Len's Summary: An entertaining view of life in England from the Armistice in 1918 to the 1920 burial of the Unknown Soldier. Ms. Nicholson also wrote The Perfect Summer: Dancing into the Shadows in 1911 (Murray, 2007) an examination of English society three years before war erupted. // A social history of post-war Britain. Totally unprepared for peace following an expansion of the franchise and the ‘khaki election’ of 1918, the Lloyd George government was unable meet to expectations raised by its promise to create “a land fit for heroes” for returning trench veterans. By the same author: The Perfect Summer: Dancing into Shadows, 1911, 304 pages, John Murray, 2007, ISBN 0 7195 6243 0. £5.55 from Amazon.co.uk. A glimpse of British society at the end of the Edwardian Era on the brink of The Great War.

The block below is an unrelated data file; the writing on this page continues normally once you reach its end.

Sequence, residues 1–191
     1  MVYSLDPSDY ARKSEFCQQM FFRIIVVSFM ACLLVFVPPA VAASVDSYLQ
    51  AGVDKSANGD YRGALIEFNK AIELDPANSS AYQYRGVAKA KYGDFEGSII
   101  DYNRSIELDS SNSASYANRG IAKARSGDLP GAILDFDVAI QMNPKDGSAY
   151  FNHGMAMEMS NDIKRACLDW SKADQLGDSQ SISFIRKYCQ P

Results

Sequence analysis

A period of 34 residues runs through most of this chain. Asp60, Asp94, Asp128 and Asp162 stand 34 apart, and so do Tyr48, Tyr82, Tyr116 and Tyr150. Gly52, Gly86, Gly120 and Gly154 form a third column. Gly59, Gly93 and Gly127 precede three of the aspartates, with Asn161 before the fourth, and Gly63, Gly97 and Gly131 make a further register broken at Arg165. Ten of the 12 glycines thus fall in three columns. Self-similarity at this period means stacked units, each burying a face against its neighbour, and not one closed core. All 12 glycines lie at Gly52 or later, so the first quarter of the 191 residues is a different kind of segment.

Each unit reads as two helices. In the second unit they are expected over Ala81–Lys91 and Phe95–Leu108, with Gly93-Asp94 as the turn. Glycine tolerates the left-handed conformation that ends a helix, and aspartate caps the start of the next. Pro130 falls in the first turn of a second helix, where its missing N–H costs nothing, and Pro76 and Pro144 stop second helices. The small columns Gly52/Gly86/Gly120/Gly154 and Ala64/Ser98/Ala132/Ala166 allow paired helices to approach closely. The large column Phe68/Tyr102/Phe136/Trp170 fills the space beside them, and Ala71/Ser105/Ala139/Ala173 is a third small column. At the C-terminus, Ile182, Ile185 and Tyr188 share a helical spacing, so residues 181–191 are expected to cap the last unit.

The Centennial commemorations are over, but WW1 remains a relevant area of study because of its enormous impact on the 20th and 21st centuries: Many present-day geographic tensions come from the post-war peace and drawing of boundaries. More families than ever are seeking to understand the war’s impact on their ancestors. The war had a profound impact on all facets of society, including post-war re-building. At the time of this writing, the influenza epidemic of 1918-19 is again newsworthy.
In 2020 we are working to increase engagement and communication with the membership. This will include: regular publication of our Journal, World War One Illustrated, and our newsletter, Here and There; a more regular social media presence; and a refreshed website.